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“The man’s a relic”: Roger Allam as Roy Jenkins in “Limehouse” at the Donmar (©Jack Sain)


An evening spent charting the founding story of the SDP, a middle England, middle-class, middle-everything party that enjoyed a brief heyday in the 1980s, might sound like the dramatic equivalent of a sleeping pill. But the small canvas appeals to Steve Waters, a dramatist who likes to pull wider meaning out of niche events (he previously gave us a slyly revealing saga of the spat between the Occupy movement and St Paul’s cathedral in Temple).

Limehouse, at the Donmar until April 15, sends us down the time portal to 1981, the year of Coe and Ovett, Adam and the Ants, and Charles and Diana’s nuptials. Margaret Thatcher rules, albeit not yet in full Gloriana pomp. Michael Foot is at the helm of a Labour Party that has embraced an unelectable leader with undeliverable policies and the bullies of the hard Left in control. Parallels with Planet Corbyn in 2017 ring loud and clear.

The setting is the fashionably nouveau house of David and Debbie Owen in the East End, and set designer Alex Eales cannot be faulted on the detail. It’s all melamine cupboards and uncomfortable designer chairs. We are, touchingly, in an era when a pasta bake from the exciting Delia Smith cookbook is deemed such an outré departure from Sunday lunch that it requires Debbie Owen (a sparky Nathalie Armin), to weigh out the pasta on her Habitat scales.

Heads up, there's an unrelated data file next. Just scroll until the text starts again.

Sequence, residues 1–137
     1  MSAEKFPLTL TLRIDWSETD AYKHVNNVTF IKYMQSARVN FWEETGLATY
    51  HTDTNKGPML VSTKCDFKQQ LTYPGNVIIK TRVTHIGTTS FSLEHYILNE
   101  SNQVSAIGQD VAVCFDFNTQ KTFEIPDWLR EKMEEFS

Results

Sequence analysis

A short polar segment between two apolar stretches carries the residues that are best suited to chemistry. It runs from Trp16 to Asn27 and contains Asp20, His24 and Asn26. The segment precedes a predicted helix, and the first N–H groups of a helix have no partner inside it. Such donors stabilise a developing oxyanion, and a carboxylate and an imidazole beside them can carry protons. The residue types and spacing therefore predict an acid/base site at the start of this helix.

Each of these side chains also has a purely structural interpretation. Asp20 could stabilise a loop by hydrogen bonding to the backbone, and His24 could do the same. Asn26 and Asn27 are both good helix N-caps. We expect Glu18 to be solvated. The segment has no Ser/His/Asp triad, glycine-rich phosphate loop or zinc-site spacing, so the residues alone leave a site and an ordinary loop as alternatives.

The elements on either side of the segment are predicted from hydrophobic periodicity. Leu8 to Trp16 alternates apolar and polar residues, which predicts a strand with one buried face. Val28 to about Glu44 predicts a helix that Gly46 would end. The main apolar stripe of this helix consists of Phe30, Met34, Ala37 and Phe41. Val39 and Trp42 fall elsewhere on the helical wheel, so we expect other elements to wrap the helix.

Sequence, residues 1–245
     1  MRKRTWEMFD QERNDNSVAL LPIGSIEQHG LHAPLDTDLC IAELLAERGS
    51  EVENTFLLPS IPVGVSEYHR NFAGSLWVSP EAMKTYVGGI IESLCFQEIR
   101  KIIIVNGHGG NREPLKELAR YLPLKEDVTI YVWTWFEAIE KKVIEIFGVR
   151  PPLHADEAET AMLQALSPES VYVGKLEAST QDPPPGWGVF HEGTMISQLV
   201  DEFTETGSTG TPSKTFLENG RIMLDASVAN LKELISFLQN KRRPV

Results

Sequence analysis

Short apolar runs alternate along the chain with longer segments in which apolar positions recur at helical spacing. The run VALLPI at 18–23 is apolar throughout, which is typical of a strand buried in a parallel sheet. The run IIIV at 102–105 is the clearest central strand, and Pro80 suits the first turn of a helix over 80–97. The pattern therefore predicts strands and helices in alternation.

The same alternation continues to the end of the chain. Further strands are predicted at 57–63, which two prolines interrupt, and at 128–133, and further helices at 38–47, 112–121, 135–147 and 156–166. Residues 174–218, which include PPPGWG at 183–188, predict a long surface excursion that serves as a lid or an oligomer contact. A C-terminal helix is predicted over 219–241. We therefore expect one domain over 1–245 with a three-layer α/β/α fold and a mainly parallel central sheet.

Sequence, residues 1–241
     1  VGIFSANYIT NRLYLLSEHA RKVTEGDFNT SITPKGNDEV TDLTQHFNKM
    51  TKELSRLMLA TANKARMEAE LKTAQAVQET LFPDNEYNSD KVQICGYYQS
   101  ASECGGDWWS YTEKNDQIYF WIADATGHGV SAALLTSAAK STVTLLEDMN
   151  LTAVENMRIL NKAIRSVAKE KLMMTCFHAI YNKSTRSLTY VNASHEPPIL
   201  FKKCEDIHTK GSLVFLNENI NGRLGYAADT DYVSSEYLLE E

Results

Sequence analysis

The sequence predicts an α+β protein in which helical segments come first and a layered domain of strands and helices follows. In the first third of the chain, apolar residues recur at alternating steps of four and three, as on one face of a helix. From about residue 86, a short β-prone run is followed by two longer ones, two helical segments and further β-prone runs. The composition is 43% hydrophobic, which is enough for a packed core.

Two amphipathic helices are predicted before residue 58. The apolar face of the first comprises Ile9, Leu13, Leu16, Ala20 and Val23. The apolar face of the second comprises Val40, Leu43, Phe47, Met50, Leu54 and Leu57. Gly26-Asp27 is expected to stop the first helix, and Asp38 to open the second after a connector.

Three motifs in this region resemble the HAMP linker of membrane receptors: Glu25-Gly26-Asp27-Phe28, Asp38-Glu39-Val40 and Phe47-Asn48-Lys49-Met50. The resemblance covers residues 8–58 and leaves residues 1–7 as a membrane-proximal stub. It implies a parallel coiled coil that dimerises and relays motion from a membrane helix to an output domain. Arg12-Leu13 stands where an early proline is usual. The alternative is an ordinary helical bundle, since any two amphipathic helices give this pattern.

As handsome, swaggery Dr Owen, Tom Goodman-Hill exudes assurance, coupled with an abrasive ability to put everyone else on edge. A new party sounds like a great idea until you start to figure out who might actually run it. “The man’s a relic,” spits Owen when it is suggested that Roy Jenkins (a dapper Roger Allam) should take the lead as the most experienced of the bunch. But relics are useful when addressing what Owen describes as the permanent “design flaw in Labour”. Together, the motley crew need to forge a bridge to third-party politics — and a way to draw the Liberal vote to the cause.

In wanders Woy Jenkins, with his erudite rhotacisms and jokes about Chateau Lafite, all the while aware that he has been out of the fray as European Commissioner while the progressive Left succumbed to hijack by hardliners. Shirley Williams (Debra Gillett) arrives in a hideous tank top and brown skirt ensemble. “Very jazzy,” says Debbie delicately. The personal and political asymmetry of the Gang of Four is well-drawn. Shirley and Bill Rodgers (a rumpled David Chahidi) are old Oxford Labour Clubbers, desperate to save the soul and purpose of the people’s party. Jenkins hankers to revive a muscular Liberalism of the kind that inspired his father during the General Strike. There’s a hint of the bitter future schisms and eventual death-by-merger with the Liberals in the Labour SDP-ers’ quest to preserve the Labour tradition, while Jenkins reaches back to a bygone world of Asquith and Lloyd George.

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